But we live in impatient times. Whether it’s professional football or Australian politics, people increasingly demand almost immediate results, upon fear of termination. After so many years of reliably stratospheric polling under John Key, MPs will start thinking about whether they’re secure in their seats.

And it’s no secret that Collins has an ambition to lead the party. She put her name forward in the contests for the vacancy left by John Key in 2016, and again by Bill English in 2018. Last year, her campaign centred squarely around the high-rotation slogan “strong and decisive”. An admirer of Margaret Thatcher, Collins’ pitch then and in the future stands in bold contrast to the weather-vane pragmatism of many in the political class.

When the Spinoff asked for her view on Jeremy Corbyn as he surged to the UK Labour leadership in 2015, Collins said that he might be deluded but “at least he stands for something. You know what you’re getting. UK Labour’s core voters want some reason to stand proudly for something. They need some reason to volunteer for the party, some reason to bother to vote.”

She added: “At its best, politics is the contest of ideas. It shouldn’t be about playing the game. It shouldn’t be about doing anything to win. It’s only by galvanising the base, by giving people a reason to care, that those more centrist will give the party a chance. If a party’s base doesn’t see why they’re bothering, then why should anyone else. No matter what side of politics people are, it’s always easiest to sell policies that you believe in.”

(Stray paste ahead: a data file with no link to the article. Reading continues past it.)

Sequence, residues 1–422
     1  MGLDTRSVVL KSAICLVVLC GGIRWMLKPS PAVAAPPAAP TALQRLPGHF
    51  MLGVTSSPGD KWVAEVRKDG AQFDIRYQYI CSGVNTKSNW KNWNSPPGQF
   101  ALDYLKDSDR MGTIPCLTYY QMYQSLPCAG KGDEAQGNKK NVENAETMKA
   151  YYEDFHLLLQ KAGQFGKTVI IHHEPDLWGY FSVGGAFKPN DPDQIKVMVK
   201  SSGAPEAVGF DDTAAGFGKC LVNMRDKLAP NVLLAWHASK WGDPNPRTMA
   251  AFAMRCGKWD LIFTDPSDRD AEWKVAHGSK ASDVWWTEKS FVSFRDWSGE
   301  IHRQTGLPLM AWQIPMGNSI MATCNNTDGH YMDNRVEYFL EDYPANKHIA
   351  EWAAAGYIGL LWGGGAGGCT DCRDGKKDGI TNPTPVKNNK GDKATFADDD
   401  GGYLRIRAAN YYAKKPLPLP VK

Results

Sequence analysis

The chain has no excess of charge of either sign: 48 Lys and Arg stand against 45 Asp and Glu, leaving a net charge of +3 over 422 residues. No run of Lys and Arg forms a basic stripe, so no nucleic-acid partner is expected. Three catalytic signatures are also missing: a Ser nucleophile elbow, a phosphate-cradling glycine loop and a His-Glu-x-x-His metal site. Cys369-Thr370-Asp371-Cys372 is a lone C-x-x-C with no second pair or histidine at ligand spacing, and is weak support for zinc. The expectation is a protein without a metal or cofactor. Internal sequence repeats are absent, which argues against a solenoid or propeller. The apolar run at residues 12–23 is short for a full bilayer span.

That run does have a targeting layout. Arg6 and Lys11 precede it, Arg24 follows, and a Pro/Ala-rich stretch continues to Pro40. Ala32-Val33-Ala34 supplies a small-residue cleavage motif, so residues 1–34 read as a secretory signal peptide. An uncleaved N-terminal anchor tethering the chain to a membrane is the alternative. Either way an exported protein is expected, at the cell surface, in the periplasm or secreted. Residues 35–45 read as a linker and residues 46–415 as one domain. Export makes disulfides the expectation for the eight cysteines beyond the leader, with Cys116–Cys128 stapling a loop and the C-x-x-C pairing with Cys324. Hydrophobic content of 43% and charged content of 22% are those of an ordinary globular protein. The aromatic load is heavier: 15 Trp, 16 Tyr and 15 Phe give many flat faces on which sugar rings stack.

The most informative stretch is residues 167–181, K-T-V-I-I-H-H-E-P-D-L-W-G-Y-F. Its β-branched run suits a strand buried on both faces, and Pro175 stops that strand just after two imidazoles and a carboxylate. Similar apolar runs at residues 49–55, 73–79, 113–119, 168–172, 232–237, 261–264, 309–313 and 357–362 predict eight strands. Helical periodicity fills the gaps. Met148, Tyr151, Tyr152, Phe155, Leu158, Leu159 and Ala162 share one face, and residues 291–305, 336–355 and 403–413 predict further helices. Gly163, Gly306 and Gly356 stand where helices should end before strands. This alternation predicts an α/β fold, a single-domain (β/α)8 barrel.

It seemed to me then, and still does now, as nothing less than a personal manifesto.

Polling by UMR after the resignation of Bill English suggested Collins had the greatest support as his preferred successor among both National voters and the wider public – and Bridges has so far failed to persuade them otherwise. Of course, neither the public, nor the National Party membership, get a vote in any leadership contest. That doesn’t mean they don’t have an influence, but it’s likely Collins would have work to do to filter that sentiment through to the caucus, who are sole arbiters of who gets to lead. That may take time.

In last year’s caucus vote, Collins didn’t even run Bridges close. But the pressure she’s put on Phil Twyford over KiwiBuild especially won’t have gone unnoticed. Why wouldn’t she fancy another go, thinking that her caucus colleagues might at last seize the strong, decisive moment? She could of course calculate that it’s better, especially in light of the way Jacinda Ardern inadvertently timed her 2017 run, to wait until close to the next election. She has done nothing visibly disloyal under Simon Bridges, and may be disinclined to wield a sword, preferring, say, to wait for Bridges to fall on his own. But one risk with that approach is that a year or later down the track, National might instead see its best bet at replicating Jacindamania in, say, Nikki Kaye, or a rejuvenated Paula Bennett, or Mark Mitchell, or someone else entirely.